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What a Trump Victory Could Mean for Climate Policy

On the election stakes, Greenland's thaw, and butterfly wings

What a Trump Victory Could Mean for Climate Policy
Heatmap Illustration/Getty Images

Current conditions: Parts of Indonesia are under water due to heavy rainfall • Tree branches are heavy with ice in Oregon • A no-burn alert is in place for Southern California as an atmospheric “lid” locks in smog.


1. Kerry warns U.S. election stakes for climate policy are ‘as high as they can get’

As election season heats up and a certain bombastic former president looks to take back the White House in November, conversation has turned to what a second Trump presidency could mean for climate policy. Trump has promised to gut the Inflation Reduction Act and cut funding for climate adaptation in poorer countries, among other things. What would his return really mean for the climate movement on a national and global scale? Here’s a quick opinion roundup:

  • The stakes couldn’t be higher: Trump won’t be able to stop the green energy transition that’s already underway, but he could slow it down, U.S. Climate Envoy John Kerry told Bloomberg TV. “The marketplace is going to support this transition and it’s irrevocable now — we’re going to get there. The only question is if we’re going to get there in time to not be ravaged by the worst consequences of the climate crisis.”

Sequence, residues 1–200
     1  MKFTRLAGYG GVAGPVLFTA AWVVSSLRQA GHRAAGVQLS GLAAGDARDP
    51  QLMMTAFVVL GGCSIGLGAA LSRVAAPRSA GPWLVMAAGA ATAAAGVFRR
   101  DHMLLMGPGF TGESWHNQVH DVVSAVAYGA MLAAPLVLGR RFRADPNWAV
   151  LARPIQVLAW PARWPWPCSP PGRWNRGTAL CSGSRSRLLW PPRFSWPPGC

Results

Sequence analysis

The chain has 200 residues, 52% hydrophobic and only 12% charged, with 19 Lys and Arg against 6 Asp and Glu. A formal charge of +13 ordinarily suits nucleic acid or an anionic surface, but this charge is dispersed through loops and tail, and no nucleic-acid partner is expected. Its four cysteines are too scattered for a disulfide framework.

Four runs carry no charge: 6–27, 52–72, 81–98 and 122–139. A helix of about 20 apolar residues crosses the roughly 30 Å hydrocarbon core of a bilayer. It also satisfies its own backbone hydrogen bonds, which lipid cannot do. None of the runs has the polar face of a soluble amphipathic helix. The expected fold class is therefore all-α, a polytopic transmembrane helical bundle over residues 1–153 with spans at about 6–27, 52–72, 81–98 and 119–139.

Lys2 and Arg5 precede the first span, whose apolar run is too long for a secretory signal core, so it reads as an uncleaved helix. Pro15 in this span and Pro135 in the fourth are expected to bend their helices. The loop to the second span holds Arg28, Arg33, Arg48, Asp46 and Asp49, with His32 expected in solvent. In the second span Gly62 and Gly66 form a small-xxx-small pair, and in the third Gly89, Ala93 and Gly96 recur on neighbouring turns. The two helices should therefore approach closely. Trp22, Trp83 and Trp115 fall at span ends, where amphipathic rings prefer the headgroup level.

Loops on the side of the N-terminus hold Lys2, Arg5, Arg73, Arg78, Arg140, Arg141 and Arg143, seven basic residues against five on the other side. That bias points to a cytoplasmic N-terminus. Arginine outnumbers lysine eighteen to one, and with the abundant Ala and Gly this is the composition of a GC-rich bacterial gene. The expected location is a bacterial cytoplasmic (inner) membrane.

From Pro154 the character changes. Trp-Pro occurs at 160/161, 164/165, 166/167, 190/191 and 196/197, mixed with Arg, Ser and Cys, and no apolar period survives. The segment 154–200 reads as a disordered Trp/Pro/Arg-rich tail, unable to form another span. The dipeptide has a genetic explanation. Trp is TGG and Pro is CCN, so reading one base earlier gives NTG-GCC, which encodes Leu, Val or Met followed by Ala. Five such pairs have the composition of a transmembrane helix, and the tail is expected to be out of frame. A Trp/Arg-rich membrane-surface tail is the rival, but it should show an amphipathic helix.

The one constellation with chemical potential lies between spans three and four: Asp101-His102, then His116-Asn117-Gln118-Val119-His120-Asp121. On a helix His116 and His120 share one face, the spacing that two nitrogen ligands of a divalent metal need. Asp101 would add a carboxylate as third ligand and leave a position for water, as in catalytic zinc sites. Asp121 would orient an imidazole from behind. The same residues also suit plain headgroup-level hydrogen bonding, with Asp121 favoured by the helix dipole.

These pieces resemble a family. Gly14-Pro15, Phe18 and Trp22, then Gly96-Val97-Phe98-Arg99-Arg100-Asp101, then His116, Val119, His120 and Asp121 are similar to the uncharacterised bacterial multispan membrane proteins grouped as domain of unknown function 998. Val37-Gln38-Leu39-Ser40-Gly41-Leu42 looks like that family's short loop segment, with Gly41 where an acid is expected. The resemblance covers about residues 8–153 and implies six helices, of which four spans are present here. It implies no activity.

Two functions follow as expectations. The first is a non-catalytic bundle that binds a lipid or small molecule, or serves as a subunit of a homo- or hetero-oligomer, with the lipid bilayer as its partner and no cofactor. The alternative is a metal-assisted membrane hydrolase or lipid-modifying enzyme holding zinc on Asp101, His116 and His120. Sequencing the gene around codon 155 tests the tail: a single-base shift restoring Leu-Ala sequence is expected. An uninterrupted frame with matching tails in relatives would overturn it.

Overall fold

• Gutting the IRA would be very unpopular: Many clean-energy programs funded by President Biden’s signature climate bill are in red states, noted The Economist. If Trump nixes them, “he may face pushback from his own party,” not to mention business leaders. Some automakers, like GM and Nissan, are already warning against the move.
  • Trump can’t stop the global momentum: Of course the U.S. president’s views on climate matter, but “the world’s in a slightly different place than it was five years ago,” World Bank President Ajay Banga told Politico. The bank helps finance climate adaptation in developing countries, and is pushing for more private sector investment in renewables. Banga suggested international momentum on these issues is “much bigger than just the U.S. and the EU.”